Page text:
Sister Act at the Boston Opera House

This afternoon, I received a lovely email from the performing arts office here at Emerson. Someone here has a connection to the producers of Sister Act, and Emerson was given a number of complimentary tickets for the final weekend of the show’s run. I was lucky enough to snag one of those tickets for this evening. So, this was more of a surprise visit to the theatre. So, this is the touring cast of the Broadway production of Sister Act.

I had heard very little about this production, and went into the Boston Opera House with absolutely no expectations. I didn’t know the story line, I just knew there were dancing nuns and some pretty great music. This production had ampul nuns and great music.

Overall, this show was really enjoyable. It started out really slow. There’s a lot of background information to cover in the beginning of the story, which slowed things down until the middle of Act I when the first company number takes place, and boy that was a wake up call. Very loud. Great music for the soul.

Being me, I really only focused on the lighting and the staging of the production. There were a few things that caught my eye during the performance.

-Followspots: Every time somebody had a solo, it was in a followspot. The ENTIRE SHOW, there was a followspot running. For most of the show, I think, the lighting designer opted to program moving lights to hit a particular place on the stage when the actor needed to be spotted. In some of the scenes when there was a lot of dialogue, I feel like that would have needed an operator. I have come to the conclusion that some characters must have been wearing a device like AutoPilot II to pinpoint their stage location so the moving lights can find them. It was intuitive, but I thought there was too much spotlight.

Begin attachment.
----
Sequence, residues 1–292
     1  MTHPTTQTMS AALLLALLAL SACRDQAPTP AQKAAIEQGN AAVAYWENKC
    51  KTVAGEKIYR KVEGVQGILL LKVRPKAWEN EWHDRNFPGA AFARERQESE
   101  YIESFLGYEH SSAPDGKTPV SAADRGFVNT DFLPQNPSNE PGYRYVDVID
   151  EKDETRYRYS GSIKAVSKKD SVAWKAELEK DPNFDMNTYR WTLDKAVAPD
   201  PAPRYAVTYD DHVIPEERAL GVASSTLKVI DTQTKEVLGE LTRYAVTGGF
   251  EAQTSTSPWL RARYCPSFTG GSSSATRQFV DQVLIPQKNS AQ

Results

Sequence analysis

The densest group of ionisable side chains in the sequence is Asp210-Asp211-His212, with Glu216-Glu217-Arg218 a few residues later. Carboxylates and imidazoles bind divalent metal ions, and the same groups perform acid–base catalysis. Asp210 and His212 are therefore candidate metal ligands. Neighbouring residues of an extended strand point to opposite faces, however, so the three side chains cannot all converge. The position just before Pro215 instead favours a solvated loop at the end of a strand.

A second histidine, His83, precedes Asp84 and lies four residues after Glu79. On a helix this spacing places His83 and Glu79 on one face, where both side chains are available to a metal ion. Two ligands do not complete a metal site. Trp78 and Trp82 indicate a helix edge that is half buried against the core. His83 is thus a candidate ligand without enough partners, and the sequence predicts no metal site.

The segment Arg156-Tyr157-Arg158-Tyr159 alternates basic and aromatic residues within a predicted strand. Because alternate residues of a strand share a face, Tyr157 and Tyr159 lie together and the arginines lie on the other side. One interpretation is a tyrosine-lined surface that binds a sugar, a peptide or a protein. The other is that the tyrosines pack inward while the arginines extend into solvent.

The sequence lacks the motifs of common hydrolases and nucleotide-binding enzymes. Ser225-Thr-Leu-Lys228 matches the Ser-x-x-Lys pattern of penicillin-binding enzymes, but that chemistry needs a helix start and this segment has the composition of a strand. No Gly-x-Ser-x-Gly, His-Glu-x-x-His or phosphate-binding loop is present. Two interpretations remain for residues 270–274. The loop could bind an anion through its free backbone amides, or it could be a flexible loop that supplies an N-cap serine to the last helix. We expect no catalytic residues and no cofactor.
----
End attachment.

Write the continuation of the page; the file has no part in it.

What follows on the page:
-The Rundown Old Church: Before Act II and the scene when the restoration of the church happens, the interior of the sanctuary is supposed to appear rundown and broken in some ways. The set designer chose to show this using a series of plywood panels covering some of the light fixtures that also acted as a wall. I thought a few lights had perhaps broken during the touring of this production, because the set did not signify a rundown old church. It still looked shiny before the restoration.

-Scrims and Scrims: There was a lot of rippling on the scrims. There was one scene where a scrim flew out behind a scrim, and I could see everything. That was just annoying.

-Deloris forgot almost a whole verse of “Fabulous, Baby!”

-Best part of the show: When the pit conductor became the pope in the final number of the show. That really cracked me up 🙂

Not a show I would see again, unfortunately. Still has awesome music and a great cast, although the story is really beaten to death. Everything was very predictable. If you have the opportunity to go see it for free, definitely go.

 

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Just thought I’d throw in that other critics agree with me that the show starts very slow. Carolyn Clay of The Phoenix Magazine writes:

“For much of the first half of Sister Act, I prayed that the show would take off. And thank God (and gobs of glitter) it does –“